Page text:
Fix Python – What is a None value?


Asked By – The_Diver

I have been studying Python, and I read a chapter which describes the None value, but unfortunately this book isn’t very clear at some points. I thought that I would find the answer to my question, if I share it there.

I want to know what the None value is and what do you use it for?

And also, I don’t get this part of the book:

Assigning a value of None to a variable is one way to reset it to
its original, empty state.

What does that mean?

The answers were great, although I didn’t understand most of answers due to my low knowledge of the computer world (I haven’t learned about classes, objects, etc.). What does this sentence mean?

Assigning a value of None to a variable is one way to reset it
to its original, empty state.


Finally I’ve got my answer from looking to different answers. I must appreciate all the people who put their times to help me (especially Martijn Pieters and DSM), and I wish that I could choose all answers as the best, but the selection is limited to one. All of the answers were great.

Now we will see solution for issue: What is a None value?


Martijn’s answer explains what None is in Python, and correctly states that the book is misleading. Since Python programmers as a rule would never say

Assigning a value of None to a variable is one way to reset it to
its original, empty state.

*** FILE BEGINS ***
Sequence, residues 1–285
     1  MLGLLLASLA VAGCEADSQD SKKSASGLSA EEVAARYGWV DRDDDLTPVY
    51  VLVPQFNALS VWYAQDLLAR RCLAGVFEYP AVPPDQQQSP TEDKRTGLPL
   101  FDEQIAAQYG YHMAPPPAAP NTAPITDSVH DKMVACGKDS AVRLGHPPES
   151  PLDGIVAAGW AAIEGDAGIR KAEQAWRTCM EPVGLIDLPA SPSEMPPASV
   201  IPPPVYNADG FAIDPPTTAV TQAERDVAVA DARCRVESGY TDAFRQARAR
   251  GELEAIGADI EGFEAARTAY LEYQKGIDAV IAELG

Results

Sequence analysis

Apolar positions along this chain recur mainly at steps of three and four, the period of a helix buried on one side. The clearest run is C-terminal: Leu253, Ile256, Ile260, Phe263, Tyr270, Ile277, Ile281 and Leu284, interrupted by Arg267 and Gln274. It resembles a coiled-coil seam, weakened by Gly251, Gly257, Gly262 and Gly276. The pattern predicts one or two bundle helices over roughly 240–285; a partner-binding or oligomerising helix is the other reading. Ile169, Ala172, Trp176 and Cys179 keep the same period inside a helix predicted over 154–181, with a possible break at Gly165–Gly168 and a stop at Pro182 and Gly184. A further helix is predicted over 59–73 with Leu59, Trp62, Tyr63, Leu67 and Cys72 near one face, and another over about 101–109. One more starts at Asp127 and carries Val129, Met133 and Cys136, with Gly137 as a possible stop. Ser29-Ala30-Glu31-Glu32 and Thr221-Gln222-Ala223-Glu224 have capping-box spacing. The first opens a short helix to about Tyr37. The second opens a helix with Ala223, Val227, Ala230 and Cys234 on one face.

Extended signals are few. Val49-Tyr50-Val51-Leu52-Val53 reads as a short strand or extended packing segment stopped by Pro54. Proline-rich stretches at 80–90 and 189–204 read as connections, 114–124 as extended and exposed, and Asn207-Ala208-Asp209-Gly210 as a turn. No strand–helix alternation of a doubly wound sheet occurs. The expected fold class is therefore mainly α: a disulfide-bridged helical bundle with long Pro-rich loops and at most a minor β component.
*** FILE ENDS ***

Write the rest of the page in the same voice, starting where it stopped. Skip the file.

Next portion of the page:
it’s hard to explain what Briggs means in a way which makes sense and explains why no one here seems happy with it. One analogy which may help:

In Python, variable names are like stickers put on objects. Every sticker has a unique name written on it, and it can only be on one object at a time, but you could put more than one sticker on the same object, if you wanted to. When you write

F = "fork"

you put the sticker “F” on a string object "fork". If you then write

F = None

you move the sticker to the None object.

What Briggs is asking you to imagine is that you didn’t write the sticker "F", there was already an F sticker on the None, and all you did was move it, from None to "fork". So when you type F = None, you’re “reset[ting] it to its original, empty state”, if we decided to treat None as meaning empty state.

I can see what he’s getting at, but that’s a bad way to look at it. If you start Python and type print(F), you see

>>> print(F)
Traceback (most recent call last):
  File "<stdin>", line 1, in <module>
NameError: name 'F' is not defined

and that NameError means Python doesn’t recognize the name F, because there is no such sticker. If Briggs were right and F = None resets F to its original state, then it should be there now, and we should see

>>> print(F)

like we do after we type F = None and put the sticker on None.

So that’s all that’s going on. In reality, Python comes with some stickers already attached to objects (built-in names), but others you have to write yourself with lines like F = "fork" and A = 2 and c17 = 3.14, and then you can stick them on other objects later (like F = 10 or F = None; it’s all the same.)

Briggs is pretending that all possible stickers you might want to write were already stuck to the None object.

This question is answered By – DSM

This answer is collected from stackoverflow and reviewed by FixPython community admins, is licensed under cc by-sa 2.5 , cc by-sa 3.0 and cc by-sa 4.0